Recently the Apache Software Foundations SVN repository hit the 1,000,000 commit milestone (landmark?). Congratulations to all who participate in the Apache community. You should be proud of what you have achieved. There are very few projects that last so long and survive being so large and so active.
In fact, I can think of only one other: KDE, of course!
To get from commit 1 to commit 1,000,000 took the ASF roughly 14-and-a-half years and the effort of 2506 contributors in the VCS. For KDE it was roughly 10-and-a-half years and the effort of 2154 contributors in the VCS.
I will write a couple of short posts comparing how Apache and KDE got from there to here, and will start by looking at the two most basic counts measurable: the number of commits and committers per day.
Below you will find a plot showing, for each day and for each of ASF and KDE, the number of commits made each day:
What strikes me as being very interesting is just how similar these plots are. KDE had managed to get off to a quicker start, but otherwise both communities grow to a similar commit rate and then plateau at similar levels.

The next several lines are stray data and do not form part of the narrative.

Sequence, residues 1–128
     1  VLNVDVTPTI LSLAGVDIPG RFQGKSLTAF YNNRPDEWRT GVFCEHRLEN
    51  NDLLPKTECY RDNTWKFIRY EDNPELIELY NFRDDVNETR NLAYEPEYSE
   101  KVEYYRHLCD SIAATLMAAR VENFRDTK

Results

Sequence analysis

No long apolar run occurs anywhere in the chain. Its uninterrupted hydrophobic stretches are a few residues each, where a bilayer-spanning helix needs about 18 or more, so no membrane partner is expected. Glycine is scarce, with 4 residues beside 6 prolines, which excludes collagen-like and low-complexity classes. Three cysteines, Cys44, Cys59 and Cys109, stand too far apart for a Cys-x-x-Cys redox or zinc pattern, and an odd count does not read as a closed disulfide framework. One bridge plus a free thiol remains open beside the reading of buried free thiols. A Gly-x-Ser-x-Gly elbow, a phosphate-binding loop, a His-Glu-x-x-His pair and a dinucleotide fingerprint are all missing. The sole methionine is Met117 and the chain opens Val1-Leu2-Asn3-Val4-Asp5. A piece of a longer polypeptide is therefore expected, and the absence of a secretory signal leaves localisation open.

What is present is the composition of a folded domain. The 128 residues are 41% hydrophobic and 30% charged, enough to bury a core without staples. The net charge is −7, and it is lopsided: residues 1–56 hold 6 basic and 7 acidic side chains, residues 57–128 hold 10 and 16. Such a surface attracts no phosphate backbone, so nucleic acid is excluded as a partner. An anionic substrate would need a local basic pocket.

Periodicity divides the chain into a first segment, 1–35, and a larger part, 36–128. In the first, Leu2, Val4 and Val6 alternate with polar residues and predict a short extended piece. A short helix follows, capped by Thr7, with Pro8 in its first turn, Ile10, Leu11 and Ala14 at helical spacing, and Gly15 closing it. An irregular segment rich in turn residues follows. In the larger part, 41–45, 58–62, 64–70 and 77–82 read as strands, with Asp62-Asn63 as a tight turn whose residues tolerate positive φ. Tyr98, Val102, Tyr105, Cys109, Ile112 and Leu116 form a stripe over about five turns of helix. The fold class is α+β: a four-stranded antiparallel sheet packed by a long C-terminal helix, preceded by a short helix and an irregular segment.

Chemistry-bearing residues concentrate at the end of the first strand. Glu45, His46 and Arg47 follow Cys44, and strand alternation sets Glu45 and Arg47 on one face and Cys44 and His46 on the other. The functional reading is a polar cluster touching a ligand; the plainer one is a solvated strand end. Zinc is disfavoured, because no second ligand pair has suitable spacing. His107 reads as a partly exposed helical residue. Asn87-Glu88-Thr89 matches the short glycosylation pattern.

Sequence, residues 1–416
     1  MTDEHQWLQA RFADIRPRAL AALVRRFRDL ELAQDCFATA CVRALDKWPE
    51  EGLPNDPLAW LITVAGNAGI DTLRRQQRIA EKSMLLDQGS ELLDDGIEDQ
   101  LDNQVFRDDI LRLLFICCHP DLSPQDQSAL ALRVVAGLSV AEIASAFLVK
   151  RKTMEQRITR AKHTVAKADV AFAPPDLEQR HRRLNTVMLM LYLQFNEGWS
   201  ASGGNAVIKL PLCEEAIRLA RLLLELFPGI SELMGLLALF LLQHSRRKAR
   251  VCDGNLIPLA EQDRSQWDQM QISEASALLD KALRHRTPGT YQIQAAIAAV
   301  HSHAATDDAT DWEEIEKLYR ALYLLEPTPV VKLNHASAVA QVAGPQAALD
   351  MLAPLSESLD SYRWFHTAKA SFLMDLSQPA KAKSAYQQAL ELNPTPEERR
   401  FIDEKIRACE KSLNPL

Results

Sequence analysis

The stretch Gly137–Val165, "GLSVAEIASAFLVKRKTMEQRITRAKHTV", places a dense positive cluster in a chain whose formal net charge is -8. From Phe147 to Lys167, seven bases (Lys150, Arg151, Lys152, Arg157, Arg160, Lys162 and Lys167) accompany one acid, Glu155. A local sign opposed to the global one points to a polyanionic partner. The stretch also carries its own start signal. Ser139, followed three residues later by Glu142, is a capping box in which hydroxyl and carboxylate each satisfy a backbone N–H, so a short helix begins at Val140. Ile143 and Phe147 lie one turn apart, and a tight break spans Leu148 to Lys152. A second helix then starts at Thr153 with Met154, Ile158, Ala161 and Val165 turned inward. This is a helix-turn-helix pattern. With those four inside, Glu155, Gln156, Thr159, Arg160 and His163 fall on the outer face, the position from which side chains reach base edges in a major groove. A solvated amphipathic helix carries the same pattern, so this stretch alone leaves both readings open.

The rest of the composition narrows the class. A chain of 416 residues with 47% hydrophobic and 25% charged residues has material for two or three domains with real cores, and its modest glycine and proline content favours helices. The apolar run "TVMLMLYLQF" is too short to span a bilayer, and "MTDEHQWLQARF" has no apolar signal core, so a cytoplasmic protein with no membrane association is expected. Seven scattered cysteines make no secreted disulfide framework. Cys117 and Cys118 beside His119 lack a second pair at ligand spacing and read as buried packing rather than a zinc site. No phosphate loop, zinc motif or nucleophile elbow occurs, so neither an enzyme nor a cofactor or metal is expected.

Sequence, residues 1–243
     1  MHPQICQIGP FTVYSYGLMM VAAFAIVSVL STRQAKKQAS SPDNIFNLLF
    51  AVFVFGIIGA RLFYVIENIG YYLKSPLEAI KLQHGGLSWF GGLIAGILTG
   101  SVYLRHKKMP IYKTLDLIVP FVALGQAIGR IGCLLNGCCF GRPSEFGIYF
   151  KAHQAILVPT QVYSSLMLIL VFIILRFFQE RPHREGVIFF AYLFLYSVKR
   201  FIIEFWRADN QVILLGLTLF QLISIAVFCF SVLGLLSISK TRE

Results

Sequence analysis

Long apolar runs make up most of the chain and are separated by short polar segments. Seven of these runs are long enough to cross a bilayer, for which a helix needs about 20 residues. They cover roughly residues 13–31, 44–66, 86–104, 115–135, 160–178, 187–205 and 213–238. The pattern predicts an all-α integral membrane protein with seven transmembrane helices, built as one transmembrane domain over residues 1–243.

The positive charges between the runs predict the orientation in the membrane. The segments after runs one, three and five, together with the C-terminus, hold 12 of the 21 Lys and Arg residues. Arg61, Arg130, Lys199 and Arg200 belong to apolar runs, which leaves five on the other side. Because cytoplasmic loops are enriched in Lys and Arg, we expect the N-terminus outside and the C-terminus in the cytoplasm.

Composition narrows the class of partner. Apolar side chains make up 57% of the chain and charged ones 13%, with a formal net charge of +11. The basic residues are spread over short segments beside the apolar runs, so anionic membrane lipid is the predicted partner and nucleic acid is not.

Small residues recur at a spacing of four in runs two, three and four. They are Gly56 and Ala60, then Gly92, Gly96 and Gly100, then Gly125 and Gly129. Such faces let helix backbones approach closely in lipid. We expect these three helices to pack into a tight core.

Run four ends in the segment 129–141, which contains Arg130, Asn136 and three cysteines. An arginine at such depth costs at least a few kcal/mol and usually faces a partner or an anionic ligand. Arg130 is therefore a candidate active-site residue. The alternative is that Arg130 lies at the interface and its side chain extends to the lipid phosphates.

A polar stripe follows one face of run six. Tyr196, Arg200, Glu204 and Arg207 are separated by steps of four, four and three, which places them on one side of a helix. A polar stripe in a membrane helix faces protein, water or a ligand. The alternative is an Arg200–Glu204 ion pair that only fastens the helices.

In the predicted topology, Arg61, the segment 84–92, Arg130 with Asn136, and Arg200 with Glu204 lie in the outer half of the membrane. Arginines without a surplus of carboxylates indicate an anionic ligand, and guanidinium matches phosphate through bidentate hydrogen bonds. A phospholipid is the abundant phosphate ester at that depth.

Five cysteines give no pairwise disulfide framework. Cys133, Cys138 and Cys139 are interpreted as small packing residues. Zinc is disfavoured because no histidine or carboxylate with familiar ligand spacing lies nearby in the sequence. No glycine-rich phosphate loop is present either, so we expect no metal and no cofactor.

The questions in my mind are:
- If these communities continue to grow (assumption), why does would the commit rate plateau like this?
- Is it just coincidence that this plateau happens at a similar level in both projects?
- Why is it that for half of the days since (roughly) 2006 there have been roughly half the commits than on the other days in the ASF? This is what is creating the “fork” effect in the ASF plot.
I am not going to offer any thoughts on these questions just yet. Instead, let’s take a look at the rate of committers per day in each of the communities.
Those of you who have seen me do these kind of plots before will no be surprised to see that the committers plots follows a very similar form to the commits plot. This is because, for various social reasons, the commit rate and the committer rate usually correlate: (personal) process, community influence etc.
It’s interesting to see that the forking in the commit rate is caused by a similar pattern in the committers rate. The question I now have in my mind is why? Why do only half the ASF committers turn up on every other day? If anyone has an idea I would love to hear it. I think this is fascinating.
It is also interesting to see that the committer rates in both KDE and ASF plateau at similar levels. There are not many projects that get as large as KDE and ASF do. We know from both Brook’s Law and Conway’s Law that a certain level of restructuring is required as teams grow in order to maintain productivity. Perhaps there is a point around 100 daily committers where communities (that are lucky enough to get that large) have to really rethink their structure.
More on this next time.